Finally, offering bundled prices for episodes of care will move the healthcare delivery system to a more consumer-oriented model. The customer of the future wants comparable evidence of health outcomes delivered for a set total price. As in any other market, the winning provider will have the best answer to “What am I getting for my money?”
So when providers develop a bundled price, what next? How can they make sure that their bundles are better than anyone else’s? The answer is that the care that’s offered has to be differentiated, delivering more value as defined by payers and consumers.
The market share winners in this environment will be those providers that can define and deliver on better health outcome metrics. And these metrics need to go beyond traditional mortality and morbidity measures. Competing with a bundled price requires considerable transparency of information, responsive to the needs of a more engaged, value-conscious consumer. It will also require providers to develop a better understanding of cost drivers within the boundaries of a bundle of care. Every unnecessary or suboptimal resource used means a hit to the bottom line when the organization is committed to a fixed price. Finally, it will require providers to routinely monitor utilization and outcomes, by diagnosis and by physician, with processes and infrastructure to address unnecessary variation. That is a step that is long overdue. Despite these challenges, bundled pricing offers a promising means to reform our healthcare delivery system, realigning incentives for better health outcomes at lower cost.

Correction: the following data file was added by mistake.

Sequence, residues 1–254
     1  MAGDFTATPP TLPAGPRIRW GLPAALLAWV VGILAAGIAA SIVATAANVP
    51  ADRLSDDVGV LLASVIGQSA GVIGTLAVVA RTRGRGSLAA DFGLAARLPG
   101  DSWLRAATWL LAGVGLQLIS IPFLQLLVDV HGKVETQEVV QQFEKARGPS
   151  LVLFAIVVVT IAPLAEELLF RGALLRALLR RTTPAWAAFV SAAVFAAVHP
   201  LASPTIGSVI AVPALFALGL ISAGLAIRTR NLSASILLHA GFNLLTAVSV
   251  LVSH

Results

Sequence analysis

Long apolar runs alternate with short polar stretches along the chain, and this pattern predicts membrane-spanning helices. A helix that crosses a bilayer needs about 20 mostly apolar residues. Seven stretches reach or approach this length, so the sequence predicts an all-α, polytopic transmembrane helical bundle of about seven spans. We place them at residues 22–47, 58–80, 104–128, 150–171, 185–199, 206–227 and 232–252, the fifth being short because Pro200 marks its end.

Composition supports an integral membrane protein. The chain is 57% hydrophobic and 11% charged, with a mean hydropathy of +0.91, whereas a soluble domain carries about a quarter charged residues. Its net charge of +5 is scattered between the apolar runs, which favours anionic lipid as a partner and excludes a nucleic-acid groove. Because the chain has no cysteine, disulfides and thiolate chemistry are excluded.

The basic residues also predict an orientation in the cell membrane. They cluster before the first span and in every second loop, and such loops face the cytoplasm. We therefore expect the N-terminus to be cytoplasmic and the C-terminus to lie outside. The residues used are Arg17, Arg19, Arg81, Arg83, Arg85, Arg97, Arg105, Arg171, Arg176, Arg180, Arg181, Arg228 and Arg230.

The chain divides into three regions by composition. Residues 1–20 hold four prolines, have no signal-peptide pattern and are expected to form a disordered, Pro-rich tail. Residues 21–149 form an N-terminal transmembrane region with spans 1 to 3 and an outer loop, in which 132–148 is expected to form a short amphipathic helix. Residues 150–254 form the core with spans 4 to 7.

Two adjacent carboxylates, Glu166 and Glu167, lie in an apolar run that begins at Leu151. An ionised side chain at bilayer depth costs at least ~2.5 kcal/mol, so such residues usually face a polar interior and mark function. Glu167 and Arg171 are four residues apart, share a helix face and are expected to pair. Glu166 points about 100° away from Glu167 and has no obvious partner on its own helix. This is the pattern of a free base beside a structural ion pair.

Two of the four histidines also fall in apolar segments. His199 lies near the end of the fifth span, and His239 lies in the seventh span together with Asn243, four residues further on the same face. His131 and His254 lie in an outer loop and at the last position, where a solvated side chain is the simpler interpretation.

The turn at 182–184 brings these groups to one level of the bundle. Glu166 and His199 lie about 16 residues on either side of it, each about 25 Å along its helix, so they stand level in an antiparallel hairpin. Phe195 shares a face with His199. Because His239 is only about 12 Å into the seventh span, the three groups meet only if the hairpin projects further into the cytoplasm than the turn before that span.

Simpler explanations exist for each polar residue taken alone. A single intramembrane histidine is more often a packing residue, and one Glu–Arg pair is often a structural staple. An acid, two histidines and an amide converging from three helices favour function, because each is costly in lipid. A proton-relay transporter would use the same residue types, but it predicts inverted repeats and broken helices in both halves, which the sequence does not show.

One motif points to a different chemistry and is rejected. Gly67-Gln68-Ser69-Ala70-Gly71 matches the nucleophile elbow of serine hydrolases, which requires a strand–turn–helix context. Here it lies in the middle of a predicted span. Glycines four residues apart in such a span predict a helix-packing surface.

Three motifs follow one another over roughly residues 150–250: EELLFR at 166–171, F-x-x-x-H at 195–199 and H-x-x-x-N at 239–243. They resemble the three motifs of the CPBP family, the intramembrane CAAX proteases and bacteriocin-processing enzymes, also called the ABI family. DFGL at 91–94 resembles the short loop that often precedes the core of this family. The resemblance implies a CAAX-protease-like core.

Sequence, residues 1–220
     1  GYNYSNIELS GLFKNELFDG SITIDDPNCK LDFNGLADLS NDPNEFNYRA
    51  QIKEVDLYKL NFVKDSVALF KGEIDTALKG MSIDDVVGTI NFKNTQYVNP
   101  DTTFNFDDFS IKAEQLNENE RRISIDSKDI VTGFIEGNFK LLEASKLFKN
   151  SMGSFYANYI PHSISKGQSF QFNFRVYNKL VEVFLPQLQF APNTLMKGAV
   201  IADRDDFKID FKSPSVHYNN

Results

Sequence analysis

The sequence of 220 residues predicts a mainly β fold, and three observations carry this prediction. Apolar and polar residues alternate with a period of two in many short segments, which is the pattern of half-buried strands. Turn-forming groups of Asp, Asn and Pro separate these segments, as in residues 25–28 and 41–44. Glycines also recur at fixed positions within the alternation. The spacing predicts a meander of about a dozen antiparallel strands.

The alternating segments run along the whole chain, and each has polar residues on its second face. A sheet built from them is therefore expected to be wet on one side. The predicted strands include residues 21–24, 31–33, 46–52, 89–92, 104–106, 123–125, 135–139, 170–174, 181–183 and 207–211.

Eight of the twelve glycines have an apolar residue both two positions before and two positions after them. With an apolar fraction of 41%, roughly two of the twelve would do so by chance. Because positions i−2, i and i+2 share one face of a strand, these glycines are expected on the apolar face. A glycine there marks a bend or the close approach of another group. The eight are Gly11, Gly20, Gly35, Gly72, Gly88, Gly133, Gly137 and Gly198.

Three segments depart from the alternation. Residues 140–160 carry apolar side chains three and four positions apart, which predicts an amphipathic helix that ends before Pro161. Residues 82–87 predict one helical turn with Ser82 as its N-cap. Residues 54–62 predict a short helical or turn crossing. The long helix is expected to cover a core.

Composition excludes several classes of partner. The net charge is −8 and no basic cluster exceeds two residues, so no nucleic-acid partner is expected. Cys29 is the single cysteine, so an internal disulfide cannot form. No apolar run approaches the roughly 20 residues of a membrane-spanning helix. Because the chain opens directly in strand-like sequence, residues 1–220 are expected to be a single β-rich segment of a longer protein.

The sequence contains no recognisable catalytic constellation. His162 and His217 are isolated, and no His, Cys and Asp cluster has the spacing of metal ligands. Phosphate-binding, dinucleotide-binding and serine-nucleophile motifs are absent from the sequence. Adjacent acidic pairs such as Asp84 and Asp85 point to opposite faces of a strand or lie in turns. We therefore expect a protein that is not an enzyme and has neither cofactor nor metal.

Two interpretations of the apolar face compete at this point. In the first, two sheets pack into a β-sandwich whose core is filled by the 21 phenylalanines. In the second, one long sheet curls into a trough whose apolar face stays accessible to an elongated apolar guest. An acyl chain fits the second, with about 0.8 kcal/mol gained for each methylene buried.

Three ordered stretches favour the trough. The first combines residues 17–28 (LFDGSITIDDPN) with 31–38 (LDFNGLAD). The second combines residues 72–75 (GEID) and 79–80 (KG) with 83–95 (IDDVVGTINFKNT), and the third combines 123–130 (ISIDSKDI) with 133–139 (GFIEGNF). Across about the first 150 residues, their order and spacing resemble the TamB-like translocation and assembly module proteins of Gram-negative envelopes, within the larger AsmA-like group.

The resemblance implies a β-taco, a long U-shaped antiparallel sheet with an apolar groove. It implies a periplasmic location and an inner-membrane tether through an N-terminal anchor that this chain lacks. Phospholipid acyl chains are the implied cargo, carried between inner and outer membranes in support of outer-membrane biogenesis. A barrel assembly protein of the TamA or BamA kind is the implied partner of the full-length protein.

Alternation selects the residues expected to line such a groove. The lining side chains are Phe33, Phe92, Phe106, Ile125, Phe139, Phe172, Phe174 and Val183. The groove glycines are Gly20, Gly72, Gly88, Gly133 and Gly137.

Michael N. Abrams, M.A. is managing partner, Numerof & Associates, Inc., St. Louis.
Rita E. Numerof, PhD, is president, Numerof & Associates, Inc., St. Louis.
Publication Date: Tuesday, January 29, 2013